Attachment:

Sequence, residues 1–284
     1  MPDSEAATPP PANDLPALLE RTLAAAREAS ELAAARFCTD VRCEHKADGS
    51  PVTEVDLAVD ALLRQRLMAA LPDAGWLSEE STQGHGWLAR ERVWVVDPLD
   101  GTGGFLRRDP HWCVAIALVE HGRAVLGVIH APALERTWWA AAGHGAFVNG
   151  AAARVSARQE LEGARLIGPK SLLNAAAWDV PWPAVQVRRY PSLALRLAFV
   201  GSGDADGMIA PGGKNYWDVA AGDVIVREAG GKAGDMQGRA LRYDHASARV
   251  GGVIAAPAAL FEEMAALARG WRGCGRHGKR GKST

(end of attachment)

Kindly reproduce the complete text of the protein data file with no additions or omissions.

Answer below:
Sequence, residues 1–284
     1  MPDSEAATPP PANDLPALLE RTLAAAREAS ELAAARFCTD VRCEHKADGS
    51  PVTEVDLAVD ALLRQRLMAA LPDAGWLSEE STQGHGWLAR ERVWVVDPLD
   101  GTGGFLRRDP HWCVAIALVE HGRAVLGVIH APALERTWWA AAGHGAFVNG
   151  AAARVSARQE LEGARLIGPK SLLNAAAWDV PWPAVQVRRY PSLALRLAFV
   201  GSGDADGMIA PGGKNYWDVA AGDVIVREAG GKAGDMQGRA LRYDHASARV
   251  GGVIAAPAAL FEEMAALARG WRGCGRHGKR GKST